"Don't get me wrong, Markdown is not the solution either"

I agree and who ever comes up with the solution, will probably do quite well. My reason for posting was to point out the Markdown isn't the final solution. For now, I'm willing to bet a lot of people just want to be able to type away and have things look right, with out it being right.

"The thing is, I'm willing to bet a lot of people couldn't care less about the HTML produced."

People with disabilities, especially visual ones, rely on technologies that extract semantic meaning from your site's HTML in order to convert it to another form. If your HTML is garbage then your site is inaccessible.


Agreed. I have seen too many people try to get their images to align by left padding it with spaces in their WYSIWYG editors. I am thinking of only allowing markdown in my latest project. I have yet to put it in front of the computer phobic user (in this case, my girlfriend) to see how well it goes so not sure how well it will go down. however I am hoping that after some initial resistance it will result in far less 'why is my page messed up' requests.

Markdown isn't totally there though because there are certain situations where specific styling is needed. I am probably still going to need to implement some kind of extension to enable setting CSS classes on blocks of text to enable this.

To be completely fair to Redactor, I don't think that it produced the 'Divs containing nothing but BRs'. I just made a few paragraphs in redactor in it marked them appropriately as <p>. I think that, given that that site was used as an example of allowing someone to let the html by hand, the errors you point out may very well likely be errors introduced by the person writing the html by hand.

Whilst I do enjoy the idea that is a Markdown editor, I think one of the main feature missing from this and most(?) is the ability to continue bullets and code indentations. Shameless plug I know, but that is why I built and use the following when editing Markdown in a textarea:


I feel like a lot of Markdown editors get posted on HN. Some of them seem pretty cool, but it gets hard to keep track of them all after a while. Has anyone tried keeping a running list of these editors with their pros and cons?

I maintain an inventory¹ of Markdown dialects, editors, parsers, stylesheets, etc. — basically just some lists with links. They’re in YAML, though, so you may want to add extra info (like a short description with pros/cons), and file a pull request. I am considering to split the list of editors² into one for native apps, and another for web-based implementations (such as EpicEditor).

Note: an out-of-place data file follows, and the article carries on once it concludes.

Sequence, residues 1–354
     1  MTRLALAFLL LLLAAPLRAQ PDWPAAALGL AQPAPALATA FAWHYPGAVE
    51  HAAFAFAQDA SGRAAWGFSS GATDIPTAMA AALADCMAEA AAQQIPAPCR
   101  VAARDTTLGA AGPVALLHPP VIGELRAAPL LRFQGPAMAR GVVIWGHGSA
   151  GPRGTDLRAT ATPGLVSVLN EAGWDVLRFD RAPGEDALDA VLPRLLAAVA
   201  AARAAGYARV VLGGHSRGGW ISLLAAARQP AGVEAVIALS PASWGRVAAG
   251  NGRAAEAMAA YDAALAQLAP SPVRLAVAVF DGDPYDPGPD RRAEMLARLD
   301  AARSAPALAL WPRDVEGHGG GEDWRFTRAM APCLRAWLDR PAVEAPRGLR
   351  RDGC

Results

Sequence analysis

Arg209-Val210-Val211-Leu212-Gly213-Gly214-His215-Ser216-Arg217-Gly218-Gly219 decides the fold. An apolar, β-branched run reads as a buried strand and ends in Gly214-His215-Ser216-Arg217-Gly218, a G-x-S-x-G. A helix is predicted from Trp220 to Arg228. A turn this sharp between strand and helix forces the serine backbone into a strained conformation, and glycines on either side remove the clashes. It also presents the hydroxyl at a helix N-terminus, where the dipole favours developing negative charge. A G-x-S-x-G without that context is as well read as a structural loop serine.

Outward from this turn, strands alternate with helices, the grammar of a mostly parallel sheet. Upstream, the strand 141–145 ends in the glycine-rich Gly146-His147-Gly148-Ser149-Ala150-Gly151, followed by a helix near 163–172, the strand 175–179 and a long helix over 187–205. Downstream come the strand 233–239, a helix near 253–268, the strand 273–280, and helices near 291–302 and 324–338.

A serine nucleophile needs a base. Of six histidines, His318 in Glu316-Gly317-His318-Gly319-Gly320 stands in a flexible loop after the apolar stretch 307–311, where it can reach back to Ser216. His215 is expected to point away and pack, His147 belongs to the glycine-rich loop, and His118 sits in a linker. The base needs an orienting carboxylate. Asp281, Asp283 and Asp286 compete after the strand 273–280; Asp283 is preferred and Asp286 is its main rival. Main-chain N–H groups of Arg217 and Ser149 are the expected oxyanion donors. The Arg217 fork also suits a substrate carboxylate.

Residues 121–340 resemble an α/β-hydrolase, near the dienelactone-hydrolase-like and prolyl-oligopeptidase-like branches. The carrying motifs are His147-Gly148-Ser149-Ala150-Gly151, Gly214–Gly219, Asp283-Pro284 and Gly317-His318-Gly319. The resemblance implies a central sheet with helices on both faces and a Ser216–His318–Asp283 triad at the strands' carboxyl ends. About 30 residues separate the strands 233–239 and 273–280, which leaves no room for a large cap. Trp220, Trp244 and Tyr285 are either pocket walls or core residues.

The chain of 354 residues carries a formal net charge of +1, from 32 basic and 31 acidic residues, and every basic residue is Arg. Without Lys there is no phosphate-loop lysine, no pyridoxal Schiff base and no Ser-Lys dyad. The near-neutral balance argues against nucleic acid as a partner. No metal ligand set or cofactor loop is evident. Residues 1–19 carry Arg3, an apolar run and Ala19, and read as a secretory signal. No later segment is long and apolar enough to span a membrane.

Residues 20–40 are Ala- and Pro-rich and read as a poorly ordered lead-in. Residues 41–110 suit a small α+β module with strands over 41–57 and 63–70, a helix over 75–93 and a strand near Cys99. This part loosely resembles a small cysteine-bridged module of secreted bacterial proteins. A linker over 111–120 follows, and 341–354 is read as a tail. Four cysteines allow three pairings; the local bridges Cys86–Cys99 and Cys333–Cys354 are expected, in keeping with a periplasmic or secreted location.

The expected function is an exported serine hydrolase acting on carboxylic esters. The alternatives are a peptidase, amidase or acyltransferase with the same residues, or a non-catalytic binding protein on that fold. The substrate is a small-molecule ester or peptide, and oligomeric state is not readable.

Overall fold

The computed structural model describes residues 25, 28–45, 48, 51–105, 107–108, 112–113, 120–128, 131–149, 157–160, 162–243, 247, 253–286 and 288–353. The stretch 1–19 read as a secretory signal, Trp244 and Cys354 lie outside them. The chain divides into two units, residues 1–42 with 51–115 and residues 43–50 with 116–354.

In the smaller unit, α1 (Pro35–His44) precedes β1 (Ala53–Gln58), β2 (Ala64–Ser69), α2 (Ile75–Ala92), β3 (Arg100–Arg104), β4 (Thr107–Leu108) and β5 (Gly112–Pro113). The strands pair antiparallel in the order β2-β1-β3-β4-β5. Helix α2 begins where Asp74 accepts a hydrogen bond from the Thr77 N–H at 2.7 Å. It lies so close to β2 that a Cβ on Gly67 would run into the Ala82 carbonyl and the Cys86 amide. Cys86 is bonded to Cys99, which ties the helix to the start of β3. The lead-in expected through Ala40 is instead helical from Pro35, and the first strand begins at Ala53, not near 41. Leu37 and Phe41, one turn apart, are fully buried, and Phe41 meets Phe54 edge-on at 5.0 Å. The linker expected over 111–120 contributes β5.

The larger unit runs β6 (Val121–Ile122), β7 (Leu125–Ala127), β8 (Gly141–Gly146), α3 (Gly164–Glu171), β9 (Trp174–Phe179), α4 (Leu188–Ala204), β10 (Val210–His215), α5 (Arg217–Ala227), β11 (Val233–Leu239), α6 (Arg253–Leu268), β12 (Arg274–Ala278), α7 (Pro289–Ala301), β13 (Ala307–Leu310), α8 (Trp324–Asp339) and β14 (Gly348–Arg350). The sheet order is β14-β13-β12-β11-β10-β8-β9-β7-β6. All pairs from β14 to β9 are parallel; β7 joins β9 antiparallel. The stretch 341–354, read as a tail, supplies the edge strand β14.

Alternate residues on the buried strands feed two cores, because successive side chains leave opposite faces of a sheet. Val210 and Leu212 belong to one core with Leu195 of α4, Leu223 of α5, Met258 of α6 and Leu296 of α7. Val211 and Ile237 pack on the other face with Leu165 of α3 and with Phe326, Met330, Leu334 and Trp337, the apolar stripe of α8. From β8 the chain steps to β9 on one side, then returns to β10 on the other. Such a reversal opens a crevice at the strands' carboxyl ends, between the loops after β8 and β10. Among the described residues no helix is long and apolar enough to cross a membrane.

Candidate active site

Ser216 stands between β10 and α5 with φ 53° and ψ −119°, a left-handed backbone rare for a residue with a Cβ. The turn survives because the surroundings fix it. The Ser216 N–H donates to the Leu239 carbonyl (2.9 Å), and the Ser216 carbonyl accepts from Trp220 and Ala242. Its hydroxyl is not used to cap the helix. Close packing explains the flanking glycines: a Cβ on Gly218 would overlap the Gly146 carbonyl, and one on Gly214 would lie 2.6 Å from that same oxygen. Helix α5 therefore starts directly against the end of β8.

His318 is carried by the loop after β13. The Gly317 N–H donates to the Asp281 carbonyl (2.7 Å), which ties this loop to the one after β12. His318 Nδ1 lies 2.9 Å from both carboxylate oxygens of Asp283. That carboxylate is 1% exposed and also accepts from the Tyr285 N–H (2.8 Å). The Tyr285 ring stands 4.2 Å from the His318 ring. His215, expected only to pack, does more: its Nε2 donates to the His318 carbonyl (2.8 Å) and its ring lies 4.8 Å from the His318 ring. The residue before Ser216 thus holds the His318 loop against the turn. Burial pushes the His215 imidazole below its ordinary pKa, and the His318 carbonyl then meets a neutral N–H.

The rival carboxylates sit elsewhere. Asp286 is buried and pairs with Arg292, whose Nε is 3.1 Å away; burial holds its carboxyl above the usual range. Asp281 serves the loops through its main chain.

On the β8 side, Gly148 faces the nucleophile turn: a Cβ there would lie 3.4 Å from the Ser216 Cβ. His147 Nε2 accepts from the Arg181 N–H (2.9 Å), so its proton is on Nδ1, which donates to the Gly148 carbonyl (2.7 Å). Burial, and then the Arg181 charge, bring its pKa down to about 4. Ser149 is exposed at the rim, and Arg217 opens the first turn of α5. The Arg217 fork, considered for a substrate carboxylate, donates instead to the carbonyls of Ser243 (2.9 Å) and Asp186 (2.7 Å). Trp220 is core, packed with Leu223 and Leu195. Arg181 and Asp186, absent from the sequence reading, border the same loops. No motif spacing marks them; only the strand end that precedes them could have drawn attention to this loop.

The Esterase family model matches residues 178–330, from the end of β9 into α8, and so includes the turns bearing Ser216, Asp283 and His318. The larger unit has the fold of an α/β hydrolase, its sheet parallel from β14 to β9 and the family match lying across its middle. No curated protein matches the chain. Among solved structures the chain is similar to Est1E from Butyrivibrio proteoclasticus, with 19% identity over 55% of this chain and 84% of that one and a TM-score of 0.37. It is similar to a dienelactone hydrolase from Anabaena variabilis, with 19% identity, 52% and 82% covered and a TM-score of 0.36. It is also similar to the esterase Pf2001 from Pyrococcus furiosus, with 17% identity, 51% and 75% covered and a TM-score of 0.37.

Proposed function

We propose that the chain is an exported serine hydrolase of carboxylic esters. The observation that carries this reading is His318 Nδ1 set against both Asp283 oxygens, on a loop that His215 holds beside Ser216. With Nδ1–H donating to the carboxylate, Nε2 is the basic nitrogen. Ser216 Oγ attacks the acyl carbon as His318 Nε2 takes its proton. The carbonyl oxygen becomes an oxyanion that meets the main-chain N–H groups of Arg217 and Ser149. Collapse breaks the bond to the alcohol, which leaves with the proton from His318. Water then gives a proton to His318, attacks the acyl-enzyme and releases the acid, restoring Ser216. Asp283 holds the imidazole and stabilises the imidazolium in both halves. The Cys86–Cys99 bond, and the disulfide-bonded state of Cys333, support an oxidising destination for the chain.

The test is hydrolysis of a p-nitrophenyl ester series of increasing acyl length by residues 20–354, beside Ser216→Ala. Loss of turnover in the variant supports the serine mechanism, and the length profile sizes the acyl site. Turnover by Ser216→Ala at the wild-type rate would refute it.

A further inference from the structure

[¹] https://github.com/rhythmus/markdown-resources [²] https://github.com/rhythmus/markdown-resources/blob/master/m...

by the way, thanks for maintaining that fantastic resource!



By the way: I’m very curious about your “zen markup language” in the make. Got some unfinished work in my drawers on “the best possible tool for writers”, too. Some more research, wireframes, and a few drafts on an _extensible_ markdown-like lightweight markup language. E.g. this little discussion: https://twitter.com/rhythmvs/status/423123272809455616

I sympathize with the idea of poet-turned-programmer. Maybe have a chat?

I looked at this a while back, it's big and bloated. Despite having no real UI it requires jQuery UI... I don't understand.

> Despite having no real UI it requires jQuery UI


    $ git clone https://github.com/OscarGodson/EpicEditor.git
    Cloning into 'EpicEditor'...
    remote: Reusing existing pack: 2951, done.
    remote: Total 2951 (delta 0), reused 0 (delta 0)
    Receiving objects: 100% (2951/2951), 1.53 MiB | 192.00 KiB/s, done.
    Resolving deltas: 100% (1392/1392), done.
    Checking connectivity... done.
    $ grep -ir jqueryui EpicEditor/|wc -l

Looks like the same one used in Telescope, the Meteor app: http://demo.telesc.pe/posts/a05eba73-cdd9-4d64-933d-2586ffc5...

It is :)

I don't understand in what sense it's an MD editor. It's an MD previewer all right. But no smart indentation (no Tab/Shift+Tab either). No syntax highlight. I can't find a single feature which helps me actually editing markdown.

P.S. Auto-saving in localStorage is a cool though.

The text seems old, it mentions posterous and didn't that shut down a while back?

Tab doesn't work.

Just what I needed! Thanks.

Very lame! This is much better, splitscreen, full screen, markdown, html code, or preview view. http://markdown.pioul.fr/

You created an account just to say that?

Very good. I'm using EpicEditor, but it is so much full of options that don't work as expected, like files, themes and saving to localStorage. I'll probably switch to some simpler alternative.

you should let HTML and Preview tab to be editable, too. Currently, you can only edit Markdown panel.

HTML is editable for me, but not Preview

-edit HTML is editable, but it doesn't update the Markdown side nor does it update the Preview, so the edits that you do in HTML are apparently just thrown away

Shift+tab should unindent